Helloooooo Stan

Trip Start Oct 11, 2011
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Trip End Oct 31, 2011


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Where I stayed
Rovshan-Tashkent Hotel
Read my review - 4/5 stars

Flag of Uzbekistan  ,
Wednesday, October 19, 2011

The plane had not yet touched ground and the people on the plane were already unloading their carry on luggage and pushing their way to the exits.  As the doors to the plane flung open bodies scrambled to the doors, as if the board control was closing in five minutes.  As i got through the swarm I located the visa desk, and, alas, no one home.  And so i waited, and waited.  After an hour at the desk and getting no response in English or Russian from anyone i say screw it and head to the boarder control with my letter of invitation.  Now, anyone who's been to the Tashkent airport will tell you that there are four boarder control entrances, three for Uzbek nationals and one for international visitors.  Apparently though, these signs are only a formality as the "line" is more of a mob of people that routinely get beaten by the security guard for pushing over the yellow line.   Therefore, after another hour and a half of pushing i land at the boarder control, at which point I'm promptly turned back, "No letter, only visa. Go back!" as he points to the desk I was at for an hour.As i explain in broken Russian that there is no one there, he pops out of the booth and waves at his friend, who meets me back at the visa booth.  After a ten second glance at my letter he asks for sixty dollars.  As soon as i hand it to him, he hands over the visa and gets up to leave.  I glance down and shout, "Nyet! Stop! Tre vheed! Tre vheed!"  He turns quickly and responds, "No Canada, only one entrance"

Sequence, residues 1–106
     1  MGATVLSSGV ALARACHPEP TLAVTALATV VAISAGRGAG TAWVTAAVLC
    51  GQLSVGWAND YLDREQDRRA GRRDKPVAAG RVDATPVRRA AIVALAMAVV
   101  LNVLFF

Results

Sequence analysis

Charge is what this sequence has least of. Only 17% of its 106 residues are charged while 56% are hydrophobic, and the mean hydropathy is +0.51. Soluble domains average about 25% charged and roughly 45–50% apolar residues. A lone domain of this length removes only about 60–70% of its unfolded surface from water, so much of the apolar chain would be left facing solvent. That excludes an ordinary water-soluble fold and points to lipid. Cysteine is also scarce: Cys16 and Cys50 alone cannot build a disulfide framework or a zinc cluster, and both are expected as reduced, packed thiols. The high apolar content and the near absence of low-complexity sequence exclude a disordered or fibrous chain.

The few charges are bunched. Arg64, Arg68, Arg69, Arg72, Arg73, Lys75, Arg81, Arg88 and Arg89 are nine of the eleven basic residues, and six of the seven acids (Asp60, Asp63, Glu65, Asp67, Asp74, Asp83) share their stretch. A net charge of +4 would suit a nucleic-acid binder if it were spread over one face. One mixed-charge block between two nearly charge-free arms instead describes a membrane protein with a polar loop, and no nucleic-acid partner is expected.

F#&$ me!" I answer back.
At this point embarrassment sets in as i realize I'm ready to cry.  After a crowded and lousy eight hour flight and almost three hours in line with receiving only a one entrance visa, i realize the whole tour might have to be rearranged now, again.
A group of teenage Uzbeks, who have been watching and laughing at the whole ordeal, put their arms around me, "It's OK Canada!"
With their help, i get to the front of the line in only forty five minutes.
After passing boarder control i find my bag and line up at customs, for another hour and a half i might add.  The only solace i receive through this is when the guards would begin shouting and hitting with clubs those who were crowding over the yellow line.

After four hours of bureaucracy i emerge from the airport me by a far too cheery driver for Advantour.  I explain the visa situation and decides i should get some sleep first.  After a one hour crash at the hotel i am picked up by a new driver who takes me first to Advantour to pay my tour bill, then off to the consulate to get my visa corrected.  The visa change was fixed with a simple scribble and stamp, and of course, US dollars.  As in most of the world, US dollars seems to make problems go away...and they say money doesn't buy happiness. 

At noon the tour finally got started in Amir Timor Square.  From the square we walked our way towards the government buildings, which unfortunately, were all closed off to the public, as were the surrounding parks.  As t turns out, Hilary Clinton was in Tashkent that day for a tour of the city and the new GM plant.  Thanks Hillary, yet another vacation ruined by an American tourist.
The tour took me through the metro stations and into the bazaar, where I found my new favorite snack: peanuts dipped in honey and rolled in sesame seeds.  Amazing is all i can say to describe them.
 
The Hazrati Imam Complex was the first example of central asian madrases that I got to visit.  The tile work, as in all of Uzbekistan, was stunning. In all though, I regret not having more time to spend in the capital as there was allot that I missed.
Oh well, there's always next time.


My Review Of The Place I Stayed



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